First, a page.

To this end, we design a squeeze-and-attention (SA) module to learn more representative features for the task of semantic segmentation through a re-weighting mechanism that accounts for both local and global aspects. The SA module expands the re-weighting channel of SE module, as shown in figure 2 (b), with spatial information not fully squeezed to adapt the SE modules for scene parsing. Therefore, as shown in Fig. 2 (c), a simple squeeze-attention module is proposed and can be formulated as:


where is a up-sampled function to expand the output of the attention channel:


where represents the output of the attention convolution channel , which is parameterized by and the structure of attention convolution layers . A max pooling layer is used to perform the not-fully-squeezed operation and then the output of the attention channel is up-sampled to match the output of main convolution channel .

In this way, the SA modules extend SE modules with preserved spatial information and the up-sampled output of the attention channel aggregates non-local extracted features upon the main channel.

Figure 4: Ablation study of and that weight the categorical loss and auxiliary loss, respectively. We test SANets using ResNet50 as backbones and train 20 epochs for each case. Left: mIoUs of SANets with fixed for selecting . Right mIoUs of SANets with fixed for selecting .


SANet Main Attention Output
SA Head1
SA Head2
SA Head3
SA Head4
SE Head
Aux Head
Table 1: Architecture of a SANet with four SA heads on PASCAL Context. All convolution layers of SANets adopt two dimensional kernels. Empirically, the down-sample and up-sample ratio of attention channels is set to 8. Suppose that the input image has a size of , the feature map sizes of the inputs, main channels (Main), attention channels (Attention), and outputs of SA heads are papered, along with those of the SE module and the auxiliary head.

3.3 Squeeze-and-attention network

We build a SA network (SANet) for semantic segmentation on top of the SA modules. Specifically, we use SA modules as heads to extract features from the four stages of backbone networks to fully exploit their multi-scale. As illustrated in Fig. 3, we consider the three-level tasks of semantic semantic segmentation and use three corresponding losses: categorical loss (Cat. loss) for image-level categorization, auxiliary loss (Aux. loss) for pixel-wise dense prediction, and attention loss (Attn. loss) for pixel-group attention. Therefore, the total loss of SANets can be represented as:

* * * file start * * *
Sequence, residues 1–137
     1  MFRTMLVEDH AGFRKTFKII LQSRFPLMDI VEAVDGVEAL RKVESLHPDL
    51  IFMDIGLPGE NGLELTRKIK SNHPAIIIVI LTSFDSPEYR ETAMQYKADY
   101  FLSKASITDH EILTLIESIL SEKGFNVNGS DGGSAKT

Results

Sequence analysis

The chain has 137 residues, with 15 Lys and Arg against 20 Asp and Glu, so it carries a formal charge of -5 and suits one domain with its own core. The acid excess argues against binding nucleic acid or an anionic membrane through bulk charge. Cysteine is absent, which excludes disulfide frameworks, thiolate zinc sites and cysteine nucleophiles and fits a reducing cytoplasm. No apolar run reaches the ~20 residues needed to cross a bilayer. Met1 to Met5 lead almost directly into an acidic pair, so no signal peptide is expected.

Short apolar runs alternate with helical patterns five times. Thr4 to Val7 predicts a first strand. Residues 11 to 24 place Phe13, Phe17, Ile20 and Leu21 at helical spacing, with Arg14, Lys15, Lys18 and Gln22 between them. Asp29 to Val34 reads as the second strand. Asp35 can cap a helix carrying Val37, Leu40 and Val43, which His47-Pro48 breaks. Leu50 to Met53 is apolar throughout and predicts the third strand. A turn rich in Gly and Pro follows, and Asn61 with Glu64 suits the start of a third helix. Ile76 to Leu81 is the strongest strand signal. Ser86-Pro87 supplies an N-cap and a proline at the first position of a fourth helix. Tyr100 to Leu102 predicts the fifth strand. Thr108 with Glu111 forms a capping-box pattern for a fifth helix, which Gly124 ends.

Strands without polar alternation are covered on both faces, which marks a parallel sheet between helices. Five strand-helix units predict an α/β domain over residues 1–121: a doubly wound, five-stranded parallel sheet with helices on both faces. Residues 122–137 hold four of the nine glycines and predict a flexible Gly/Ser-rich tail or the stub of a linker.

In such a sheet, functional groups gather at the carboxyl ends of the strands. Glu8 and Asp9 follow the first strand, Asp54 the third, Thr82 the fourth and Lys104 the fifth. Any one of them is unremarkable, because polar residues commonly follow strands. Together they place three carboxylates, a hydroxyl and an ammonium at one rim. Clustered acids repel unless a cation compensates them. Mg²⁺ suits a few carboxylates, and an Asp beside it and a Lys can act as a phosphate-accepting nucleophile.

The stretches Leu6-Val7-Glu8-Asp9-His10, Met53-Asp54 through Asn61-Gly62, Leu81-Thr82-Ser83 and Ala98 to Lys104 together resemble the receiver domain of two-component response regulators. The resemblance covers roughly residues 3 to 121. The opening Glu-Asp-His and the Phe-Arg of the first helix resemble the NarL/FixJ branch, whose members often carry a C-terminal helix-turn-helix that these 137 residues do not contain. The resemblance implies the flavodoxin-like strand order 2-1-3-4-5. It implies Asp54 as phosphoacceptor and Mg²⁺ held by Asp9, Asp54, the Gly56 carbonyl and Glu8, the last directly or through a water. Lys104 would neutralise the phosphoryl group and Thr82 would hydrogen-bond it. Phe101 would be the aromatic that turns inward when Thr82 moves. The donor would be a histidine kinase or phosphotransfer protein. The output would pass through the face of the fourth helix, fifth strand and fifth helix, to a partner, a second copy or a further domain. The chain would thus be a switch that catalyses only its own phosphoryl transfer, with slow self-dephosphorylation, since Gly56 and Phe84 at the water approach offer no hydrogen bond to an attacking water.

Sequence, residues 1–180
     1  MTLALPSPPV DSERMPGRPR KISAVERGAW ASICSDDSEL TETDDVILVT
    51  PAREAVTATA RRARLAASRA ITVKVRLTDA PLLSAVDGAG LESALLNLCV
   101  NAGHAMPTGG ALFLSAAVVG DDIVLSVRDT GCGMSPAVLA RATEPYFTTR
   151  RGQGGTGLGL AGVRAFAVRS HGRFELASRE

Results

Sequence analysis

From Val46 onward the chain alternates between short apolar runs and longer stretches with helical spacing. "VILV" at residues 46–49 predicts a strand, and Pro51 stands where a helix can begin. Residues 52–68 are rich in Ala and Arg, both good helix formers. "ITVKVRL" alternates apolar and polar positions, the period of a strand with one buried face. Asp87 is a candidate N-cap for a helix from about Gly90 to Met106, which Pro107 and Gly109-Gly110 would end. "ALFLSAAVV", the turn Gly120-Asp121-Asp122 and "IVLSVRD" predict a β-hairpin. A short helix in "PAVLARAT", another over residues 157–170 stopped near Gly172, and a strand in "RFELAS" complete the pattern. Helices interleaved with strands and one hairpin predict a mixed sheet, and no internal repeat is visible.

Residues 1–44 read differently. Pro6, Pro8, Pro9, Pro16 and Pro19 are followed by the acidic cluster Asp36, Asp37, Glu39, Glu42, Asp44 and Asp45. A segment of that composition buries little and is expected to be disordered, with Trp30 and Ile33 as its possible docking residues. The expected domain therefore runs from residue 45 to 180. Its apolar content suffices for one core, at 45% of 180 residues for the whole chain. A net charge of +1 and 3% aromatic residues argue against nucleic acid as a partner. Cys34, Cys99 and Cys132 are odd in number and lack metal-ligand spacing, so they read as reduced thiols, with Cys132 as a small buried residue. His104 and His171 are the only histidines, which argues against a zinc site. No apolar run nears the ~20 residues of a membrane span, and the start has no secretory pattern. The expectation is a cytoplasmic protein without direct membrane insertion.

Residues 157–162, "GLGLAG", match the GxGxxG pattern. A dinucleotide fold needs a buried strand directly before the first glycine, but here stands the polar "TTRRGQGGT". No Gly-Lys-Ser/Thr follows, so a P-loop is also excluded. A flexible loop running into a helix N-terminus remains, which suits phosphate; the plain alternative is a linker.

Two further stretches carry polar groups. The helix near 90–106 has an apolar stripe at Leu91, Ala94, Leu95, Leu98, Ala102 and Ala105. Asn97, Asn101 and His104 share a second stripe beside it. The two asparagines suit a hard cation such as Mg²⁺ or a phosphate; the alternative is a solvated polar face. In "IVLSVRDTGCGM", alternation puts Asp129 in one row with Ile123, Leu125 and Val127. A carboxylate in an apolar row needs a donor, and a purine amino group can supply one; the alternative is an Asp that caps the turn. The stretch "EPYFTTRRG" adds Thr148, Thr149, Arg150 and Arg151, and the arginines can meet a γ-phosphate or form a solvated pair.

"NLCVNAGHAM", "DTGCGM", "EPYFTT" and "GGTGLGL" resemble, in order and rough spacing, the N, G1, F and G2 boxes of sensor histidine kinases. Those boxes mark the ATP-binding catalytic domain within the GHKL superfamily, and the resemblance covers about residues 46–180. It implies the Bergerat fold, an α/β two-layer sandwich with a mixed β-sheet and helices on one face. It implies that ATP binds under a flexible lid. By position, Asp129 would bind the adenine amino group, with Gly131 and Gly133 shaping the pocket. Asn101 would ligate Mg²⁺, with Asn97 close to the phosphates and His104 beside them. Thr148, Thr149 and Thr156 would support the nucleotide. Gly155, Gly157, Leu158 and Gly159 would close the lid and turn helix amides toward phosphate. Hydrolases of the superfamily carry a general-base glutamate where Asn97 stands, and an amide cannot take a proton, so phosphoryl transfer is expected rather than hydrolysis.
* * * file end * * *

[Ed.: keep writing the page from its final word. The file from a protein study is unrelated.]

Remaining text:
where and are weighting parameters of categorical loss and auxiliary loss, respectively. Each component of the total loss can be formulated as follows:


where N is number of training data size for each epoch, M represents the spaital locations, and C denotes the number of classes for a dataset. and are the predictions of SANets and ground truth, and are the categorical predictions and targets to calculate the categorical loss . The takes a binary cross entropy form. and are typical cross entropy losses. The auxiliary head is similar to the strategy of deep supervision [zhao2017pyramid, zhang2018context], but its input comes from the fourth stage of backbone ResNet instead of the commonly used third stage. The final prediction of SANets integrates the outputs of multiple SA heads and is regularized by a SE head. Hence, the final segmentation prediction of a SANet is:

Figure 5: Example of semantic segmentation results on PASCAL Context validation set. Example of semantic segmentation results on PASCAL VOC validation set. (a) Raw images. (b) Groud truth images. (c) Results of a FCN baseline. (d) Results of a SANet. SANet generates more accurate results, especially for object boundaries. The last raw shows a failed example with relative complex contexts, which bring challenges for segmentation models.

Dilated FCNs have been used as the backbones of SANets. Suppose that the input image has a size of ; Table 1 shows the detailed feature map sizes of SA heads, along with those of a SE module and an auxiliary head. The main channel of SA modules has the same channel numbers as their attention counterparts and the same spatial sizes as the input features. All convolution layers of SANets adopt 2D kernels. Empirically, we reduce the channel sizes of inputs to a fourth in both main and attention channels, set the downsample (max pooling) and upsample ratio of attention channels to 8, and set the channel number of the intermediate fully connected layer of SE modules to 4 in both datasets. We add a convolutional layer to adapt outputs of SA heads to the class number of PASCAL Context dataset. Therefore, the outputs of all SA heads have a depth of 59. To merge the outputs of four SA heads, we upsample the outputs of SA head2-4 to a spatial size of in order to match that of SA head1.


Model Backbone SA Cat Aux PAcc mIoU
FCN Res50 74.5 43.2
SANet Res50 77.2 49.2
SANet Res50 79.0 50.7
SANet Res50 79.3 51.9
SANet Res101 80.6 53.0
SANet EffNet-b7 81.6 55.3
Table 2: Ablation study results of SANets on PASCAL Context dataset (59 classes without background). SA: Squeeze-and-attention heads. Cat: Categorical loss. Aux: Auxiliary Loss. PAcc: Pixel accuracy (%). mIoU: Mean intersection of union (%).

4 Experimental Results